Power supply tested…
Finally got to the testing phase of my power supply design. The smoke test was successful (in that there was no smoke) and the max voltage reading was close to 9000 volts negative, which means the power supply is working as designed.
This power supply converts normal house AC voltage to something that can generate fusion in the reactor. The power can be varied from zero to maximum voltage by using a component called a variable transformer. The variable transformer takes input from the wall socket and outputs to a box that steps the voltage way up and turns it into DC current. The box looks relatively simple, shown below:
Looking down, the box contains a blue neon sign transformer on the right. This is the thing that steps up the voltage way up. On the left you can just make out some high voltage microwave diodes that look like little black rectangles. Just to the right of the transformer is a gold colored high power shunt resistor for measuring current. The cylindrical object in the upper left corner of the pic is the variable transformer. The diodes rectify the AC signal, meaning they turn AC into DC. Diodes allow current to flow one direction and not in the reverse direction. If you design the circuit correctly, you end up with a high voltage negative DC supply, exactly what you want to produce fusion.
Believe it or not, this circuit is extremely simple and easy to understand and make for those with the most basic knowledge of electronics. What makes this device unique is the extreme high voltage. This is not an every-day home electronics project, these voltages can be instantly lethal if not managed correctly. Just about every aspect of this device has to be designed with that in mind if you want to maintain a safety factor.
The first design rule is to have no exposed high voltage that could be touched by accident. To do this I needed to come up with an enclosure, but even this isn’t as simple as it sounds. You need a material that can insulate and won’t break down in a high voltage environment. This is what I mean: Air is an insulator. That’s why you can walk near a wall socket and not get electrocuted. But if there is a big enough voltage difference, air “breaks down” and becomes a conductor, for example, lightning. As a matter of fact, air is not one of the better high voltage insulators, it can break down in as little as 20,000 volts per inch. That sounds like a lot of voltage but note that my power supply is nearly 9000 volts, meaning that it could arc across a little less than a half inch of air. This means just getting close to the supply without touching it could cause electrocution.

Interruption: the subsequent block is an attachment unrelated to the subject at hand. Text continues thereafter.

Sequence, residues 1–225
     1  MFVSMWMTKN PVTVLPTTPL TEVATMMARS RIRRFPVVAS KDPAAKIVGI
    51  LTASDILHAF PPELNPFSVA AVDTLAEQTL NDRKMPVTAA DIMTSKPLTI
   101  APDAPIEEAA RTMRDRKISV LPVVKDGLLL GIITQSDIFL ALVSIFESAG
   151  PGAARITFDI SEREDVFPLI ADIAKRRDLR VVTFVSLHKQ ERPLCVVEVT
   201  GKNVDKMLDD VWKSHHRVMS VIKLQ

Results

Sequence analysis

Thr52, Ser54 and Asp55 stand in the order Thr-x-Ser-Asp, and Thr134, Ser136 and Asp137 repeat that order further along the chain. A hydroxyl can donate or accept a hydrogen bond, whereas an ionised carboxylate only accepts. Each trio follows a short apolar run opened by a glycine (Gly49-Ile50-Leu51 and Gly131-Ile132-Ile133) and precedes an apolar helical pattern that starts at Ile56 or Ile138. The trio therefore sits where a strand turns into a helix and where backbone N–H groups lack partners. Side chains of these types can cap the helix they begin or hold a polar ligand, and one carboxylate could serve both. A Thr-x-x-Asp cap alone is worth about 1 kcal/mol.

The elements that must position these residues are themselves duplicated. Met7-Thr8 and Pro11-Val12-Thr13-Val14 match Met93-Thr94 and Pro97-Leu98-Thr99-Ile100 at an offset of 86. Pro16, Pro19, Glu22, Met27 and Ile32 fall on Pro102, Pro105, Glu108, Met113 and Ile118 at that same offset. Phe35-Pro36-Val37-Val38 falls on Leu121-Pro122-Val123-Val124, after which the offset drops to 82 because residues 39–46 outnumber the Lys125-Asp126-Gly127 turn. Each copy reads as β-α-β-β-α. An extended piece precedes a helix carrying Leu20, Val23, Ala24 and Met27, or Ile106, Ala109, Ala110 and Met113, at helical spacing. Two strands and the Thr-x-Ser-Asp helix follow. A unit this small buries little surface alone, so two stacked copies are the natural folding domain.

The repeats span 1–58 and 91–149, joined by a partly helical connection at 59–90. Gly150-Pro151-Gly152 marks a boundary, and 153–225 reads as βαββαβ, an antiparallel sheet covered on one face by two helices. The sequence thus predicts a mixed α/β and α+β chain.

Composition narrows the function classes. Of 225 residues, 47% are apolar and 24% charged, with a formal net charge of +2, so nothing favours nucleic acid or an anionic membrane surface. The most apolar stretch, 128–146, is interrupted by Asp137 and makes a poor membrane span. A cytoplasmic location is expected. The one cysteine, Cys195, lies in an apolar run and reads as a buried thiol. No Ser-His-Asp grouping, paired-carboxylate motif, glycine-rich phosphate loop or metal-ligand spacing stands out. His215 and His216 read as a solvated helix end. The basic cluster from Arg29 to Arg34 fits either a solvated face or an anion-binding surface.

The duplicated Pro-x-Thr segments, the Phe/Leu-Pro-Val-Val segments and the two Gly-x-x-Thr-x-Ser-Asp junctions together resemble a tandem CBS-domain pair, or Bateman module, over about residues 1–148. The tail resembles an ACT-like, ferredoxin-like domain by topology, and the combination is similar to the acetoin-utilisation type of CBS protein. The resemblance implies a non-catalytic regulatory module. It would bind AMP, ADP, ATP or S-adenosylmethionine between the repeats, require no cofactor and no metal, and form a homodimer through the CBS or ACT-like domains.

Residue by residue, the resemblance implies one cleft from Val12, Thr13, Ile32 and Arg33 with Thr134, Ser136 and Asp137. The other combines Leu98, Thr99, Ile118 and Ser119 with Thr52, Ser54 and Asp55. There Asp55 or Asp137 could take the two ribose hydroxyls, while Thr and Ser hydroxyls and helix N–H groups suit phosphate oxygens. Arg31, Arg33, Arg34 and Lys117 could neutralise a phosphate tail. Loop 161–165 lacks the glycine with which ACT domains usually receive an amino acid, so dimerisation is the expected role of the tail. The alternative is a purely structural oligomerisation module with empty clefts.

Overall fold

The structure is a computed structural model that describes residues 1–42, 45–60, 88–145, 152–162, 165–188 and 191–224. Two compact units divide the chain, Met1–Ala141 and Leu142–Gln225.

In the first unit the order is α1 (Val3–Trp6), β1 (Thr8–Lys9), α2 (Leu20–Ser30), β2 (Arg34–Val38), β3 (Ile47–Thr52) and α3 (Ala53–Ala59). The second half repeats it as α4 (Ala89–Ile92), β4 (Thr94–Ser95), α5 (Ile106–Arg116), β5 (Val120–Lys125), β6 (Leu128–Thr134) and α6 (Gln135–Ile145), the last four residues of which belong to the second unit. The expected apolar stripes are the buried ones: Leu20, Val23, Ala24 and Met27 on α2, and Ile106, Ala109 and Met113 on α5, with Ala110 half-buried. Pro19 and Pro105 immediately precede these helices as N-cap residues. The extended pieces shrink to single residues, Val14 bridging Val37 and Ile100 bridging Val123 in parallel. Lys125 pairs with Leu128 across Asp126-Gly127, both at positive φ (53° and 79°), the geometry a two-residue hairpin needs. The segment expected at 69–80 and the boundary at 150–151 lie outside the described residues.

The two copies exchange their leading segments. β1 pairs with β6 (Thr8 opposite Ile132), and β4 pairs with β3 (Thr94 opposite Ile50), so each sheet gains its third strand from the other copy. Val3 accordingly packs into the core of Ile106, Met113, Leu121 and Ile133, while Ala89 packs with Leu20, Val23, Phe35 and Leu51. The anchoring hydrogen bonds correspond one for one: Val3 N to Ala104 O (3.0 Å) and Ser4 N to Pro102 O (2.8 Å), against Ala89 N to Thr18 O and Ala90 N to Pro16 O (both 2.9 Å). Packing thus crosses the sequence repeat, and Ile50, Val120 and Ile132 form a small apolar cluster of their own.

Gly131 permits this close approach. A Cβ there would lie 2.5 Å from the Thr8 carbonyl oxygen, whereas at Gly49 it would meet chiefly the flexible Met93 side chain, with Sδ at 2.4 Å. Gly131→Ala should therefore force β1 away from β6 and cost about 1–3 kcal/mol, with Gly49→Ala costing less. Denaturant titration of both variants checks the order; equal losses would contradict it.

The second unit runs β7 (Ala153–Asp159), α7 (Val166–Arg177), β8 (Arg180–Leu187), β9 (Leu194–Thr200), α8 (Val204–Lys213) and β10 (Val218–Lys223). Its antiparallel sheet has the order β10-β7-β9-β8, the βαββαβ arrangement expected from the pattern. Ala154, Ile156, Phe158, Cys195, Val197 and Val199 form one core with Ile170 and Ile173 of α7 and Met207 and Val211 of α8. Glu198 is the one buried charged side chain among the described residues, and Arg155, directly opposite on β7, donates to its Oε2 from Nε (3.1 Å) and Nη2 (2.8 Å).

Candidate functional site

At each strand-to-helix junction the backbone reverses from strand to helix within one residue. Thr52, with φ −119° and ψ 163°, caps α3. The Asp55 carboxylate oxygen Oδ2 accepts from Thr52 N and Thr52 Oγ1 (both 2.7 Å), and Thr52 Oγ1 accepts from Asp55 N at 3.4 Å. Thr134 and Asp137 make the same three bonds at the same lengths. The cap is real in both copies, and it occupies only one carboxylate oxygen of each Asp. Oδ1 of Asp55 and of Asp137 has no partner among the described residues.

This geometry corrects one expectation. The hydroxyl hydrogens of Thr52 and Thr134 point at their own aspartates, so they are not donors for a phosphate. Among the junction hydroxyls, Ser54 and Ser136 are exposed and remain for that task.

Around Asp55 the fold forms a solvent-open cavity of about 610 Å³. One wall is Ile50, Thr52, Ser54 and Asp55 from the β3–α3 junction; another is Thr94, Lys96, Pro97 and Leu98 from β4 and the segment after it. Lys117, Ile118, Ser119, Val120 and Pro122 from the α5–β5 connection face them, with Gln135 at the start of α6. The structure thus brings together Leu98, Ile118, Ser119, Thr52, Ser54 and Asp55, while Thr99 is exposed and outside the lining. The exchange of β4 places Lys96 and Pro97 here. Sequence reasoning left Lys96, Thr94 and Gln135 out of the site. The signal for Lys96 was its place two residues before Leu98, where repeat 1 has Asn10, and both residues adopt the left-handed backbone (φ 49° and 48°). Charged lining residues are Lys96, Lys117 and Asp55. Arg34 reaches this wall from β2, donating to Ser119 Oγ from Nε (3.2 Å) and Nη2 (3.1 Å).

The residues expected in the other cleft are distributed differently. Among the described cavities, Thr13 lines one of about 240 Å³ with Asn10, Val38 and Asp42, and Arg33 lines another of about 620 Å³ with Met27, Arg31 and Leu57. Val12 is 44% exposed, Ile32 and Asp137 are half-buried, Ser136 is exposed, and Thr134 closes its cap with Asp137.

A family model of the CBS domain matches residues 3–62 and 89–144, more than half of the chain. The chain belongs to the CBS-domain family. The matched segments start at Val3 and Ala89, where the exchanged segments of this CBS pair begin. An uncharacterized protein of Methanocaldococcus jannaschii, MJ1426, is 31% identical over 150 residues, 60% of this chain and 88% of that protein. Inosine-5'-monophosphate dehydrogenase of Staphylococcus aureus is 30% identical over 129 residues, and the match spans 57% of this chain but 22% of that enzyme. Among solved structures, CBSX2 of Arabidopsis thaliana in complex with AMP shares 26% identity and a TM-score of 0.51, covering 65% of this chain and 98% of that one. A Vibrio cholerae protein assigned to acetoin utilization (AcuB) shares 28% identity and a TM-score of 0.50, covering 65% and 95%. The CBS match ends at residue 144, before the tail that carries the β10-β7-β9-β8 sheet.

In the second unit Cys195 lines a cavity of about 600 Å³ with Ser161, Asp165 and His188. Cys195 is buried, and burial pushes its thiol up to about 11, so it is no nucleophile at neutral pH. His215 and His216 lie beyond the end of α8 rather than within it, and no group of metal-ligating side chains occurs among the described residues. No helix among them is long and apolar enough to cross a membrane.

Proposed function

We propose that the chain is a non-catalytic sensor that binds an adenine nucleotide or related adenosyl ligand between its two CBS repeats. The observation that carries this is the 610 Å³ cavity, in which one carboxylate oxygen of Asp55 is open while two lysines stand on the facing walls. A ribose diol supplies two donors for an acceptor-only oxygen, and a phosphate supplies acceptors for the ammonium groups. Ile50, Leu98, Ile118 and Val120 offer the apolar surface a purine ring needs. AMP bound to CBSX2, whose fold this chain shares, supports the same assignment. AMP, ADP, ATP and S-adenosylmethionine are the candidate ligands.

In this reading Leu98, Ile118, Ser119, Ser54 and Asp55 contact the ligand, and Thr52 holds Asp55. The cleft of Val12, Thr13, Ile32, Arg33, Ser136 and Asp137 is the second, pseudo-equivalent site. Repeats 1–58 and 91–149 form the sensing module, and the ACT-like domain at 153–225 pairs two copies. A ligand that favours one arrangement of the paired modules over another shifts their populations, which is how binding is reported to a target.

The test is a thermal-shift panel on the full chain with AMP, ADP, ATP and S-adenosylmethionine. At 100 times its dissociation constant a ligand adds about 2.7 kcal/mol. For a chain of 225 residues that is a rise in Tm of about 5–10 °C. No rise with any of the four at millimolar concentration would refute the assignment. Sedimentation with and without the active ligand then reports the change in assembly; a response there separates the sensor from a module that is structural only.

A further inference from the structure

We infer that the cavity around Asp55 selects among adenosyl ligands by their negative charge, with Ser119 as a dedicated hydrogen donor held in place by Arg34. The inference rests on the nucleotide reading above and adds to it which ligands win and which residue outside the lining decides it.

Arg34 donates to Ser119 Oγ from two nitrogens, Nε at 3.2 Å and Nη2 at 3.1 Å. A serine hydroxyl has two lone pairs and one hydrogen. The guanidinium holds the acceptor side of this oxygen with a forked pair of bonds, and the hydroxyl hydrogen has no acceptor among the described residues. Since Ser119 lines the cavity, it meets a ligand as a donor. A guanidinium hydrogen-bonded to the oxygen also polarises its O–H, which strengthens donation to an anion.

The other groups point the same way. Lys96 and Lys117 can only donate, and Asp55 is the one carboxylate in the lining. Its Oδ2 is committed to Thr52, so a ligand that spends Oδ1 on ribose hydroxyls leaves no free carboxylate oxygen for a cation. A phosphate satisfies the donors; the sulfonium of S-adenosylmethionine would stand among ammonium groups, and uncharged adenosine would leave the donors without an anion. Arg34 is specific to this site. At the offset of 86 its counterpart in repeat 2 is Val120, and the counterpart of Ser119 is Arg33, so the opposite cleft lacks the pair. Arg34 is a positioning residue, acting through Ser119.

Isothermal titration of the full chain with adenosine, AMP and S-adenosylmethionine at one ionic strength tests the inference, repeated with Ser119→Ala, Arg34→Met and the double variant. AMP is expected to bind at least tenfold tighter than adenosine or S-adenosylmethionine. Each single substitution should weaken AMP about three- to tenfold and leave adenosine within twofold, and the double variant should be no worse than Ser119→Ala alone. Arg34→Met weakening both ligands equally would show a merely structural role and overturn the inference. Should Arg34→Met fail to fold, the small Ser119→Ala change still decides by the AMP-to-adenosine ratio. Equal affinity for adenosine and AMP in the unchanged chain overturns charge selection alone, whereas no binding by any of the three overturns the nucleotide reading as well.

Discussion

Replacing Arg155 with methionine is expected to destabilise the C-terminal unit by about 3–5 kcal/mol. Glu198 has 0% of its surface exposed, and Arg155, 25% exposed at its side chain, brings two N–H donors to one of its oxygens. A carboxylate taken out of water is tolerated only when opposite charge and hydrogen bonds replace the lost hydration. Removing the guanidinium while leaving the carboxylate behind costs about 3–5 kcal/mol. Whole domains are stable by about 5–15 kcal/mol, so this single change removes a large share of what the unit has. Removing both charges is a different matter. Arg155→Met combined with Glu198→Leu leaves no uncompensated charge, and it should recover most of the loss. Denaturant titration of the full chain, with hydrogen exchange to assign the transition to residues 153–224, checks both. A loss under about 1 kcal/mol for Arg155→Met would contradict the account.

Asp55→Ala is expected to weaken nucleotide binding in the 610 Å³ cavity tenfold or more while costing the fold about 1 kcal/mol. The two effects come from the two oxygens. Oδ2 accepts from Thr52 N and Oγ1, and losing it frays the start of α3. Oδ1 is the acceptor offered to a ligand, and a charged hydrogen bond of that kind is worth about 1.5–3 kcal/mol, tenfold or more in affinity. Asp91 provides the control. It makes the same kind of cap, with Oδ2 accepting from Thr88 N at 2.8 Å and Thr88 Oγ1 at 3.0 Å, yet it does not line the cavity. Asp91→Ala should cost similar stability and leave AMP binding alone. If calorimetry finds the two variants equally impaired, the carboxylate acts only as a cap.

Wood and rubber are not good insulators for these high voltages. However, it turns out that polyvinyl chloride, or PVC, is an excellent insulator with a high dielectric breakdown. So I constructed a supply enclosure by epoxy-ing together PVC junction boxes I bought at a home improvement store. I then cut and drilled to accommodate the transformer and other components. As you can see in the pic at left, the wiring internal to the box is bare. This is intentional as ordinary wire insulation is inappropriate at high voltages, it can potentially break down and catch fire at these voltages. As long as it is enclosed during operation, there is no danger of electrocution and the wire layout is intended to prevent arcing between components.
The (poor quality) pic on the right shows one half of the rectifier, two high voltage microwave diodes wired in series to screw terminals on PVC standoffs that I epoxied to the case. The standoffs provide a base for the screw terminal without having to drill through the case. The dark blue streaks you see in the photos is the color of the epoxy. The two diodes on the right are half of the rectifier, there are two more wired to the other side of the transformer. Normally it only takes two diodes to make a full-wave rectifier, but again because of the very high voltages being generated, you need a special setup to prevent the diodes from failing. These are 12,000 volt rated microwave oven diodes, placing them in series gives you a 24,000 volt “rating” that give you an operating margin for safety. Finally, the diodes must be arranged so that they produce a DC current that is negative with respect to ground. This “negative hot” quality is necessary for this type of reactor design.
The final pic at the bottom is an oscilloscope trace of the output showing “full wave” rectification. Zero volts is at the top of the screen, meaning the wave is entirely negative volts DC. It is not showing the full power output but a lower voltage representative wave because I don’t have an appropriate probe for my scope to measure more than 200 volts input. Note that because this is a wave, the voltmeter pic at the top of this posting is what is called a “root-mean-square” of the wave, the actual peak voltage at full power is closer to 11,000 volts!
Also of note, the wave is DC, that is, it does not reverse direction though there is an amazing amount of ripple. This could be smoothed out with a giant capacitor but I’m hoping I won’t need one, at least for this stage of the project.
Posted in Nuclear Fusion Reactor by Mark with comments disabled.